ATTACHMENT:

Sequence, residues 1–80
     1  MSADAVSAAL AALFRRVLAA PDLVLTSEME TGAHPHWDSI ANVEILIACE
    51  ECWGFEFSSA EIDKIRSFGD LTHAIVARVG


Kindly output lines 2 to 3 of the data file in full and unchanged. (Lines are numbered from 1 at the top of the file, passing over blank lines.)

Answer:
     1  MSADAVSAAL AALFRRVLAA PDLVLTSEME TGAHPHWDSI ANVEILIACE
    51  ECWGFEFSSA EIDKIRSFGD LTHAIVARVG